Tire-slashing video evidence fell through cracks in online reporting system
A local couple believe they’ve held the key to solving a spate of tire slashings that have baffled their neighbors and law enforcement, but efforts to submit the evidence were ignored for months by the Chico Police Department.
Lindy Carter and Jeff Kelly woke up July 10 to find all of the tires on three separate vehicles slashed. The couple have two security cameras set up in their driveway, and video from the previous evening clearly shows two vehicles passing the house several times before a man emerges to slash the tires.
Carter said she called police the following day and was told to file an online report through the Coplogic system adopted by the CPD at the beginning of 2014—ostensibly to cut down on officer time spent dealing with property crimes—but a promised follow-up call from an officer never came. Carter said both she and Kelly called multiple times over the next several weeks, and were still never contacted.
“At some point we gave up … and started thinking about finding a new place to live,” Carter said, adding that that wasn’t the only time they’ve been victimized by crime recently. In the last year, groceries were stolen out of their backyard, water was poured into the gas tank of one vehicle, and the cameras were installed after Kelly’s truck was stolen.
The couple didn’t realize tire slashings had reached epidemic proportions in an adjacent neighborhood—with dozens of instances reported to police and on social media/virtual neighborhood watch site Nextdoor.com since July 16—until it was reported by CN&R (see “Slashing spree,” Newslines, Sept. 17). Carter said she was particularly shocked to read that police had no leads, no eye witness or video accounts, and that law enforcement and Chico City Councilman Randall Stone suspect members of the homeless population to be perpetrating the vandalism.
“I’m no fan of the homeless, but the people in our video are driving two vehicles and definitely don’t appear to be homeless,” she said.
Carter said it cost more than $1,000 per car to replace the tires, not counting towing fees, and that insurance helped only with one of the vehicles. She said they have yet to fix the last set of tires because of the cost.
Carter posted the videos to YouTube after the article came out, and was contacted by interim Lt. Rob Merrifield last week: “He apologized and admitted they’d messed up,” she said.
Sgt. Scott Zuschin, who oversees the area where the bulk of the slashings have occurred, confirmed that Merrifield contacted Carter. He said his department now has the videos, are attempting to identify the suspects, and that Carter and Kelly will be contacted by members of the CPD’s recently revived TARGET team in the next few days.
“It definitely slipped through the cracks,” Zuschin said of the video evidence and report, “and that’s the unfortunate result of understaffing combined with the Coplogic online reporting system. We get a great deal of video and evidence submitted online, and it’s just impossible to follow up on every single thing we get.”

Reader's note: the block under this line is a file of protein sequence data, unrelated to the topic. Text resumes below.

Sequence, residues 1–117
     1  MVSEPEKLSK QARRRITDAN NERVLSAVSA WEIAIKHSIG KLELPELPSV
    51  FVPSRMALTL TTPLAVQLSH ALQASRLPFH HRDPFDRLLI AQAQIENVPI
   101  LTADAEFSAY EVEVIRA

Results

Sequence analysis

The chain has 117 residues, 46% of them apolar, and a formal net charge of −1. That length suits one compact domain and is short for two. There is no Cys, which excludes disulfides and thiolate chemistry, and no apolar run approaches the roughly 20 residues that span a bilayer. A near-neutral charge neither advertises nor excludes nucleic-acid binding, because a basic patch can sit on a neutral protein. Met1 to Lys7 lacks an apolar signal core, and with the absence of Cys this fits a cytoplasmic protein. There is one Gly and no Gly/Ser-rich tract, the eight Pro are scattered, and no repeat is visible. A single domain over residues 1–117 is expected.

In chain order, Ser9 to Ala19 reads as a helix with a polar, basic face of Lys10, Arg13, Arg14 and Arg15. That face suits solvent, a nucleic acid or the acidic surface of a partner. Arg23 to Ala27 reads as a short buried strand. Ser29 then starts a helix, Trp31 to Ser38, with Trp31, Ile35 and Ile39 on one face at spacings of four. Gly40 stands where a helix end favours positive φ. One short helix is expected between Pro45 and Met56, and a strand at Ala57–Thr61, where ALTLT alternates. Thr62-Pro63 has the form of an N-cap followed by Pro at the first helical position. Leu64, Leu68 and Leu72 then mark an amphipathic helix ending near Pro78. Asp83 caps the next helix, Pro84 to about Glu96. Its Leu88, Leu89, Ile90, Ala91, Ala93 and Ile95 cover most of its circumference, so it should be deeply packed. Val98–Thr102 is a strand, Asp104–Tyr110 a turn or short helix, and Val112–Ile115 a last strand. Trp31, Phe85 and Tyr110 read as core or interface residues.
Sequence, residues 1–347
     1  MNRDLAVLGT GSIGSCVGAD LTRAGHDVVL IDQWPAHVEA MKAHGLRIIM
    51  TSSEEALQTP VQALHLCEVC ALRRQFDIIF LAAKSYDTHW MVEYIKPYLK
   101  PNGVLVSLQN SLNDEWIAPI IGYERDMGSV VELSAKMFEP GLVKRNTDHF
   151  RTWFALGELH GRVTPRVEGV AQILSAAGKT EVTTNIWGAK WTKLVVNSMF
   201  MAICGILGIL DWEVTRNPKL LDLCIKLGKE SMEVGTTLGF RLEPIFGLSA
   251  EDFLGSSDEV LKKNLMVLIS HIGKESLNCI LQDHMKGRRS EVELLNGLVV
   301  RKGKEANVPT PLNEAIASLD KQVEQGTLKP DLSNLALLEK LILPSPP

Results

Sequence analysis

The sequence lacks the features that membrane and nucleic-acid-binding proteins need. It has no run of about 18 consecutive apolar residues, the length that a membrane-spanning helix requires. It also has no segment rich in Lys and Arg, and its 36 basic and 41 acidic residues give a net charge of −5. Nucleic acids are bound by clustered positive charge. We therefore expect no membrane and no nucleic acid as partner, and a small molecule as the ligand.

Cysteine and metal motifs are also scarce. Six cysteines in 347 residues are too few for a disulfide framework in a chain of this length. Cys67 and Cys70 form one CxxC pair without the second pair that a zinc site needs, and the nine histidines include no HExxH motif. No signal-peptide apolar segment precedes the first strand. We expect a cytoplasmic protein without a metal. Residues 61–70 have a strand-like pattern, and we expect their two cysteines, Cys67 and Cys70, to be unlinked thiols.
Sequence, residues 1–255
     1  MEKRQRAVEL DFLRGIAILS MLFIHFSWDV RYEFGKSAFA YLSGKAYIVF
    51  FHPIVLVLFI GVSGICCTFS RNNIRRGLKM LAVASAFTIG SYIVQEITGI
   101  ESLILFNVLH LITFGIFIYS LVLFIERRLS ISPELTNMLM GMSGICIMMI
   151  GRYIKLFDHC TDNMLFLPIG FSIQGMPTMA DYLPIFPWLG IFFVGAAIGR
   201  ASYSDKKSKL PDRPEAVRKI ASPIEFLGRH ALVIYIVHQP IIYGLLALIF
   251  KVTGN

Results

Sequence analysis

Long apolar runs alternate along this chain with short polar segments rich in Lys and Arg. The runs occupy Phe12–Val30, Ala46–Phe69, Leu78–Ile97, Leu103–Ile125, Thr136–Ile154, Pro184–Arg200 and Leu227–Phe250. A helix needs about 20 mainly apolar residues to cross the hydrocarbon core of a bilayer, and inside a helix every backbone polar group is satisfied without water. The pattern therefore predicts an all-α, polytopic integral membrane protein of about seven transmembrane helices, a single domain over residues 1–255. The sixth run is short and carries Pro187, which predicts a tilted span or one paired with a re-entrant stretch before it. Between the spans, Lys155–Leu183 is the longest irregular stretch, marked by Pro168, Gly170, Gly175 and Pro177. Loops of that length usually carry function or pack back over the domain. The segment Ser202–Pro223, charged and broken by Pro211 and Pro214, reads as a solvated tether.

Zuschin explained the department’s records department checks the online reports once a week, and it can take up to two more days for them to be processed and sent to an on-duty desk sergeant. Which crimes are addressed is then dependent on how many officers are available that day. He also said the CPD’s computer-aided dispatch (CAD) system is more than 20 years old and badly in need of an upgrade, which negatively affects the department’s ability to collect, analyze and process data from the online reports.
“We have a system for the online reports in place, but we have some staffing holes that slow it down,” he said. “We’re getting there, but for the moment we’re working with what we have.”
The last reported slashing Zuschin was aware of was on Sept. 14.
Zuschin also said that Carter and Kelly’s evidence, though significant, may not be the proverbial smoking gun: “That’s just one incident, and we don’t know if that incident is connected to any of the others,” he said.
In a phone interview Tuesday (Sept. 22), Stone said he doesn’t believe the people who slashed Carter and Kelly’s tires are responsible for the other crimes.
“I’m no crime analyst, but the M.O.’s are significantly different,” he said of the videotaped slashing versus the other incidents, noting many of the other crimes only target one vehicle at each property, and take place between midnight and 5 a.m. (The couple’s tires were slashed earlier in the evening). “The tires in the video are very methodically slashed, while the other crimes seem more random and driven by opportunity.”
Carter believes the video is significant, and said that had the CPD addressed it earlier—her report came a week before other reported slashings started—it might have saved her neighbors big bucks. She also expressed some concern.
“Someone came into our backyard and took our groceries and into our driveway and slashed our tires, and nothing’s been done,” she said. “Do we wait for someone to come in the house and slash our throats?”